Lettuce (various leaf lettuce varieties)
Silverbeet Chard
Beans (Green, Purple, and two kinds of dry beans for soup- super excited to try this!)
Squash (2 varieties of zucchini, summer squash, butternut squash)
Tomatoes (all different kinds of cherry and full-size)
Peppers (bell and jalapeño)
Potatoes (yellow and red)
...and Garlic bulbs will be planted in the fall.

I also have a whole list of herbs and medicinal plants that I'm doing as well, but in the interest of space, I think I'll save that for a different post! Like I said, I'm really excited to try some new vegetables this year (dry beans! winter squash! melon! potatoes and garlic!) and also to try some new planting techniques. I have more room this year as our new house has two raised beds (in addition to other space too) and I'll be keeping my plot at the community garden just a few blocks away (that will primarily be the squash patch!).

Tell me, what new things are you trying in your garden this year? I'd love to hear some of your ideas out there too!


  1. Here is very common to use the companion technique, and there is an organism (the agro technology institute, or something like that) that gives you seeds for free each spring and autumn.
    We have a small raised bed, we built it last month with Oz. We planted directly on the ground (we also lost it with the inside starters...).
    You can see it here:
    And the seed details is in the notes here:

  2. This is so impressive Julia! I started the spring with the best of intentions (including a few classes, elaborate sketches of our backyard, etc.), but I have seeds that have yet to make it out of their packets! And a lot of other seedlings failed . . . I ended up buying starter plants at the farmers market. I just need to cut myself a break and focus on the baby right now, I suppose!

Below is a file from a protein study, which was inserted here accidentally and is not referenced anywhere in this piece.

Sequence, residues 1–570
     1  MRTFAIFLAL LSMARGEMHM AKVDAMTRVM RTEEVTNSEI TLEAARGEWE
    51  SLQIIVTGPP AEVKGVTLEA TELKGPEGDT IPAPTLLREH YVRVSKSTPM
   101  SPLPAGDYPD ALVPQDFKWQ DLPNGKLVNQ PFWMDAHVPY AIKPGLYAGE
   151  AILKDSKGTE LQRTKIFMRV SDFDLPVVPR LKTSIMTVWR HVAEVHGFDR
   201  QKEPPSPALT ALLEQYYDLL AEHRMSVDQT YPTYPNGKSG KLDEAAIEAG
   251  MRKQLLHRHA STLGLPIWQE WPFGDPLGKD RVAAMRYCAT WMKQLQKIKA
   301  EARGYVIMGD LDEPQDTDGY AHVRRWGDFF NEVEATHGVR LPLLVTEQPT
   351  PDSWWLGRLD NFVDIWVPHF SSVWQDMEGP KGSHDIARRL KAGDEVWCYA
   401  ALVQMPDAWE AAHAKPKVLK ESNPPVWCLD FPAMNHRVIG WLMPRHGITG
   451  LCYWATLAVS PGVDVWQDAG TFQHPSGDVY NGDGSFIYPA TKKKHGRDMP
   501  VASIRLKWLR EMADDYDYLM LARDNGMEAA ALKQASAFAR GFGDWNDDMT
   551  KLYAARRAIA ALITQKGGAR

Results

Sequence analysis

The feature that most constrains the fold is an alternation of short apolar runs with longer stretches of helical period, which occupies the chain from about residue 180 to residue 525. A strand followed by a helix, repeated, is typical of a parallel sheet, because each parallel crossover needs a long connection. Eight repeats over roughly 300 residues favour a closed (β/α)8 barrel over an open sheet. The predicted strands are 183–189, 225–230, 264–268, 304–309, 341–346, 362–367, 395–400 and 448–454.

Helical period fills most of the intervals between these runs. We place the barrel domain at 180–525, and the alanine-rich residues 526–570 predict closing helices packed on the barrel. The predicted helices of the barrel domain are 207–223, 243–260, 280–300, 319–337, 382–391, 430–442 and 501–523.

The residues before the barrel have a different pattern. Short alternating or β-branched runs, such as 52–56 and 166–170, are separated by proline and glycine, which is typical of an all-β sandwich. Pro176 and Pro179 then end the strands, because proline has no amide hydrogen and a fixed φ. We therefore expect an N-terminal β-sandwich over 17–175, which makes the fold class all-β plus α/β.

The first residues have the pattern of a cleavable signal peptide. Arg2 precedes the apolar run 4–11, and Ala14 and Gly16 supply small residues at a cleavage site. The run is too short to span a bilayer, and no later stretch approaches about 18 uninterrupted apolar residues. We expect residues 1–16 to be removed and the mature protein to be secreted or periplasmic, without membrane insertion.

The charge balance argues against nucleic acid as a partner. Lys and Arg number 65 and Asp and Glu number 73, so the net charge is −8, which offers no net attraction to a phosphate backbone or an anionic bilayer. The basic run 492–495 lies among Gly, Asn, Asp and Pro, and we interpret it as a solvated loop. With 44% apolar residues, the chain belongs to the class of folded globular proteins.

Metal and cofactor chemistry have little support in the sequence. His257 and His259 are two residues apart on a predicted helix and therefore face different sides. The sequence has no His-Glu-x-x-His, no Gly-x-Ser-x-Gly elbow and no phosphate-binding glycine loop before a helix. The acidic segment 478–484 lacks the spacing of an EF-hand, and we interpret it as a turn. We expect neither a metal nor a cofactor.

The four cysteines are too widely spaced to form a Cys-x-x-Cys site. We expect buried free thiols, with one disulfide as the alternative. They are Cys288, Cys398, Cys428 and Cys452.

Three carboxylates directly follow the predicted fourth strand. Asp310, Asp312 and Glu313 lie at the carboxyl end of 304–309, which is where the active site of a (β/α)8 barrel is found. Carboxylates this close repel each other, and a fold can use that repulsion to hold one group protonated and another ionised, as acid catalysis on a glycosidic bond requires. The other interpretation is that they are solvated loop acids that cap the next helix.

Can't wait to see all the (literal) fruits of your labor and what you do with them!

  3. Thanks for the great resources (especially the local Minnesota ones)!

  4. all so exciting! we put potatoes that were sprouting right into the ground and they have come up! that was new. i'm also doing a lot more container gardening which is new for me.

  5. Yay for gardening! Unfortunately, the bunnies already ate my cucumber plant. It was the only one I didn't get a fence around yet. Darn bunnies!

  6. Wow, what an informative post! I am balcony gardening (which is the main theme of my blog), and I am such a novice, it's pretty ridiculous. But, I figure I will learn as I go (though, I am pretty sure I am purchasing How To Grow More Vegetables!)

    I love that you have a rhubarb plant, I so wish I had one. And that is quite funny to picture toting plants through a seeming drug deal. Reminds me of when I lived in Baltimore. And you have raspberry plants? How neat.

    I love seed savers too - I ordered purple bean plants from them, and next week will be getting my tomatoes shipped, can't wait!

    Anyway, I am so excited to see your garden progress!

  7. You are really organised. I can't wait to sort out my garden and get growing. soon... soon...
    Looking forward to seeing it grow.

  8. yeah for a backyard garden! Ours is still small but since Lu is getting older I see it growing a lot next year. Having a dog seems to help keep the bunnies at bay in our yard. Our raised beds are also pretty high so we don't have many critter issues at all. Our carrot seeds just sprouted 2 days ago, they are such cuties!